A multimedia story following survivors and perpetrators of the 1994 genocide in Rwanda as they struggle with their past, meet each other for the first time and dare to ask for forgiveness.
Today in Rwanda, the 1994 genocide is part of the past, but the country's thousands of maimed amputees are living reminders of the brutal horror.
When Bill Clinton Hadam's refugee family was approved for resettlement in the U.S., the boy's parents faced a "Sophie's Choice" dilemma: him or his sister. After escaping slaughter in Congo and Rwanda, the family waited in a Tanzanian camp for nearly a decade. Rape was common there, and Bill's teen...
Several Vermont high school students traveled to Rwanda in December 2006 to meet with teenagers orphaned by AIDS. The six students and adults from two schools filmed, photographed and interviewed Rwandan teenagers participating in a program aimed at helping them become financially independent.
The program, based in the Rwandan...
Tik Root, Wyatt Orme, and Juan Herrero discuss their recent reporting trip to Rwanda, where they have been exploring the new generation and its place in a rapidly changing country.
In 2014, Rwanda will celebrate the 20th anniversary of the genocide. Tomaso Clavarino spent 20 days in the country reporting on the survivors, and the scars, of the 1994 civil war.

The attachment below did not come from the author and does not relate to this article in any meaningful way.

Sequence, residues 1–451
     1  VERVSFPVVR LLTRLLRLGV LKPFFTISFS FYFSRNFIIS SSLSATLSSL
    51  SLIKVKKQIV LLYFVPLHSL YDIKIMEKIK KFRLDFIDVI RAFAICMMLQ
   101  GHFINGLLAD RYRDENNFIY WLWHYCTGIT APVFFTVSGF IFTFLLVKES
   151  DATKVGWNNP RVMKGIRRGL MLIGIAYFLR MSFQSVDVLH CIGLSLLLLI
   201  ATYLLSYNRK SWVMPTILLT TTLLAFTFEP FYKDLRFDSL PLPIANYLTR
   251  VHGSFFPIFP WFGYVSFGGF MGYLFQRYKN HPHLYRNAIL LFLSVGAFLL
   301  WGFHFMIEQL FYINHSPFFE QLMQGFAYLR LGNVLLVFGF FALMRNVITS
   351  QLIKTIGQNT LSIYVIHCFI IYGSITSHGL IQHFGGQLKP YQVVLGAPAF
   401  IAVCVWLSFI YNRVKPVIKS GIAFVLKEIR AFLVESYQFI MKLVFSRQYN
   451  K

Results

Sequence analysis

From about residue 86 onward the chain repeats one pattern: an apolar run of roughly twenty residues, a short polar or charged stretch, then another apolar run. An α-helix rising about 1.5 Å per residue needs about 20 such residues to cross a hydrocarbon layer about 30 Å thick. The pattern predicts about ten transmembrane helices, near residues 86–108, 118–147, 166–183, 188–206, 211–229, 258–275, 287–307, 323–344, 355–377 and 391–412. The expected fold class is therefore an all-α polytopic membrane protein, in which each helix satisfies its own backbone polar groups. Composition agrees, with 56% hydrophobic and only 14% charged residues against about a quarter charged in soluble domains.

The team that made "To End AIDS?" received a 2017 Communication Award from the National Academies of Sciences, Engineering, and Medicine.
Pulitzer Center-supported PBS NewsHour series wins a 2017 Communication Award from the National Academies of Sciences, Engineering, and Medicine.
The six-part PBS NewsHour series evaluates the state of the global HIV/AIDS epidemic, asking whether we can soon end the disease.
Pulitzer Center grantees cover progress and challenges in the worldwide fight against AIDS.
The Pulitzer Center staff share favorite images from 2015.
Honored multimedia projects range from an investigation into child labor in gold mining to an examination of reconciliation efforts between survivors and perpetrators of the Rwandan genocide.
2015 National Magazine Award Finalists include Pulitzer Center grantees, Jason Motlagh, Lukas Augustin and Niklas Schenck.
Students will explore how health topics are presented in the news media using behind the scenes videos from Carl Gierstorfer’s Ebola project and Jon Cohen’s HIV/AIDS project.
In this lesson, students use the Pulitzer Center website to research a specific country before giving an oral presentation.
Students develop solutions for challenges in HIV/AIDS prevention and treatment. Students will conduct in-depth research on their issues, create proposals, and present them.
This is a painting lesson that combines Pablo Picasso's famous 1937 Guernica with current day issues presented from The Pulitzer Center.
This is a painting lesson that combines Pablo Picasso's famous 1937 "Guernica" with current day issues presented by the Pulitzer Center.
This is a painting lesson that combines Pablo Picasso's famous 1937 Guernica with current day issues presented by the Pulitzer Center.
This lesson plan outlines a project that allows students the opportunity to connect with a contemporary crisis somewhere in the world.